Developing the novel into a trilogy allowed me to show the full historical arc and the resultant changes of the time period: from antebellum South/slave society (The Lies That Bind, book 1); to the Civil War years (Honor Among Outcasts, book 2); and end in post-war Reconstruction (Something in Madness, book 3). You see the arc.
Together, the three novels depict the historical developments and their effects on the men and women, black and white, of all social stations.
So to answer your question, in book 2, Honor Among Outcasts, the milieu, conflicts, plot, and themes all had to be completely different from book 1, as will those in the third.
I felt like you did a great job with the historical details and facts. What were some things that you felt had to be accurate and what were some things you took liberties with?
Although I am a big Civil War buff, I didn’t want to write a typical battle-type novel. Fortunately, the guerrilla war in western Missouri was like modern-day Syria, with terrible murders and depredations like the massacre and burning of Lawrence, Kansas, by Quantrill’s Confederate bushwhackers. In Missouri, combatants of both sides took scalps! I felt it important for the characters to face these major events in order to illuminate humanity’s potential for brutality and cruelty.
Also, in the spring of 1863, President Lincoln began to allow “colored” regiments to be formed, but these required a white officer to lead them. Naturally, having the DarkHorse partners form their own regiment was a nice parallel to their dreams of the democratic enterprise depicted in The Lies That Bind.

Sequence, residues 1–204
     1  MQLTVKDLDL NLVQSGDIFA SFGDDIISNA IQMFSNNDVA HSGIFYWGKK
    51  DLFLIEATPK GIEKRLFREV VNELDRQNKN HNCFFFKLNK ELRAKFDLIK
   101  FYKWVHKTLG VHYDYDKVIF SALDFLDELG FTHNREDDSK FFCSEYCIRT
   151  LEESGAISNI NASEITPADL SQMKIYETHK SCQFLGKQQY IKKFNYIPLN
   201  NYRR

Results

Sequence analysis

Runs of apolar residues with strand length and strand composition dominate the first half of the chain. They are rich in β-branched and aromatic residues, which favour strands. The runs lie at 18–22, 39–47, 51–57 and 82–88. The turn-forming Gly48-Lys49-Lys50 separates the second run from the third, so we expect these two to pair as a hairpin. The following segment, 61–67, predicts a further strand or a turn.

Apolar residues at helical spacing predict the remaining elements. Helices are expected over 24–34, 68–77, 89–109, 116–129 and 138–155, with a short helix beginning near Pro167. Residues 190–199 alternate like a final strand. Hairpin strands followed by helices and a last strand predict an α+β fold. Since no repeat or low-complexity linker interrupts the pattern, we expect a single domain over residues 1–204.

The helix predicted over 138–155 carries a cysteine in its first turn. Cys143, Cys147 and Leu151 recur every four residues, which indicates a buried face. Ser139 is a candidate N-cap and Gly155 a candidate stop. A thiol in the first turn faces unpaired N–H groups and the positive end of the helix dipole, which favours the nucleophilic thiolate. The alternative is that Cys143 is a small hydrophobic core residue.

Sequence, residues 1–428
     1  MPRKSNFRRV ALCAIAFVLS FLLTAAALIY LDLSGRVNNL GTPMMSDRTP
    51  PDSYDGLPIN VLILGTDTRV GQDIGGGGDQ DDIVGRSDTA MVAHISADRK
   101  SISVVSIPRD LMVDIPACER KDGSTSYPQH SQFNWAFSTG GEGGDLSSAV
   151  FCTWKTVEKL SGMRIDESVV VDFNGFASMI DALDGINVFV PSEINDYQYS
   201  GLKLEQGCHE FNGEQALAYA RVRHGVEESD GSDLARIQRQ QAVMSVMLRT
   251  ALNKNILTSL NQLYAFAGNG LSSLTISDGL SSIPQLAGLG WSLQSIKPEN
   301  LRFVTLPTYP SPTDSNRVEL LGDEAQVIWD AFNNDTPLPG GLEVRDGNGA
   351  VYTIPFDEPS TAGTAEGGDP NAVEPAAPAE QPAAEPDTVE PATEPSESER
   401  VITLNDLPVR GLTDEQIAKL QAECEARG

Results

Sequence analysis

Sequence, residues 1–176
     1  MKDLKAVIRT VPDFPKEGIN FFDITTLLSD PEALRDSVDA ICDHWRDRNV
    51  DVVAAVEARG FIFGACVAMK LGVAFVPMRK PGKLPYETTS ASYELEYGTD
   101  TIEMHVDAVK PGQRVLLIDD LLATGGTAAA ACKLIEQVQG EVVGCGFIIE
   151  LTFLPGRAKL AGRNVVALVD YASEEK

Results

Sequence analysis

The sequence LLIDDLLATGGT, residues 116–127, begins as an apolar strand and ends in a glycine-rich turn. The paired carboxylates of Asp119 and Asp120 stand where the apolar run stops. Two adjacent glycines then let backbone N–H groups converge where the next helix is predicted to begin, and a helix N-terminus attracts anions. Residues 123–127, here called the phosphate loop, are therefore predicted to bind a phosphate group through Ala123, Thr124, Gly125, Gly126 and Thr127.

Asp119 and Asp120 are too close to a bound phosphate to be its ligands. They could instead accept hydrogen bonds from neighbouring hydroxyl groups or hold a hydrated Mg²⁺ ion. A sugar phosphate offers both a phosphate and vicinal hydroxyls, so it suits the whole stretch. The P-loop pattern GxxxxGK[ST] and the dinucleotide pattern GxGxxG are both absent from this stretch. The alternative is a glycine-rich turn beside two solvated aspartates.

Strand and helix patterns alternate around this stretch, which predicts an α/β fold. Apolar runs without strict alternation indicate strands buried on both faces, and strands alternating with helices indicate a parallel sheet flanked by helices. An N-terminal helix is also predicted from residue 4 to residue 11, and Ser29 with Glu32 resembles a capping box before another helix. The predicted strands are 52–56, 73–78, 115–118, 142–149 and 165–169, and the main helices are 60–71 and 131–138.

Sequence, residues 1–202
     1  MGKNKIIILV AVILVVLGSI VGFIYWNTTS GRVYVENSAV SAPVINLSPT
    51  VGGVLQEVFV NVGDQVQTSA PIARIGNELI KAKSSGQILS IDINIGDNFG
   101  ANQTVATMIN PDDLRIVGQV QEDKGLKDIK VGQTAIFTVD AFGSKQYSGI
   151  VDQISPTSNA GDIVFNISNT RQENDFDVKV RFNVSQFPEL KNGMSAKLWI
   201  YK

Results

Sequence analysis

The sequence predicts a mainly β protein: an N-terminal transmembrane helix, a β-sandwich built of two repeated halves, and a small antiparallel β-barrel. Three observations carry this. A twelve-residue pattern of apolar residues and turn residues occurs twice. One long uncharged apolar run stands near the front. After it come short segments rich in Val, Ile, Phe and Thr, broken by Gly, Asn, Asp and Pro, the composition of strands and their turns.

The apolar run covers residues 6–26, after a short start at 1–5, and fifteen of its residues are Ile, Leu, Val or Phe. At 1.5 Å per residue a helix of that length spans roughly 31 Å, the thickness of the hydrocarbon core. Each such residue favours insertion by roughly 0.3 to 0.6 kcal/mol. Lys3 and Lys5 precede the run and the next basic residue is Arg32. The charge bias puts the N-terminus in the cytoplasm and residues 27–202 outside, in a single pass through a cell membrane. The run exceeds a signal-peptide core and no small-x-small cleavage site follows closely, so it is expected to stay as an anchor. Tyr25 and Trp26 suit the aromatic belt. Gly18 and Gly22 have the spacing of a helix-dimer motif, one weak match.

Throughout Honor Among Outcasts, I tried to remain faithful to the difficulties and unique dangers these regiments and the local populace actually faced. In rare cases, I had to move minor events around to aid the narrative. For example, a train raid massacre like the one in Honor did take place, but at a later date and at a different location. Nevertheless, in writing book 2, the actual history did very much shape the story.
The characters were very well developed in this story, which led to some heartbreaking scenes when some characters met their end. What was your decision process like in deciding who stays and who goes?
Heightened emotions give your themes greater impact. I hated to kill off some of the characters I’d become attached to, but in doing so, the reader is able to feel the senseless terror and cruelty of the time, which required more than the characters merely observing the conflict.
For example, wise Big Josh is the backbone of the DarkHorse partnership, despite the many loses in his past that he carries in his heart. So when his mate, Ceeba, found late in life, is one of the three women killed in the train massacre, the poignancy of the event is increased. Plus, Josh’s emotional state throughout the rest of the novel is deepened. Similarly, in the Lawrence massacre a relatively unarmed colored regiment training there actually was massacred. How could I ignore that in my novel? And with the loss of a favorite DarkHorse character during the Lawrence raid, I hoped to bring out the horror of that event. (I, myself, had to recover after writing that wrenching scene.)
Where will book three in the Dark Horse Trilogy take readers and when will it be available?
In the final novel, Something in Madness, at war’s end the surviving characters return to Mississippi, only to confront new indignities restricting the rights of freedmen in the South.
Researching the Black Codes, lynchings, and other humiliations perpetrated on blacks during Reconstruction made writing book 3 tough, and I expect it will be tough on the reader, as well.
History is not always pretty. I only hope the DarkHorse Trilogy does its part to see that such cruelty and hatred doesn’t re-occur. Something in Madness is planned for release in 2019.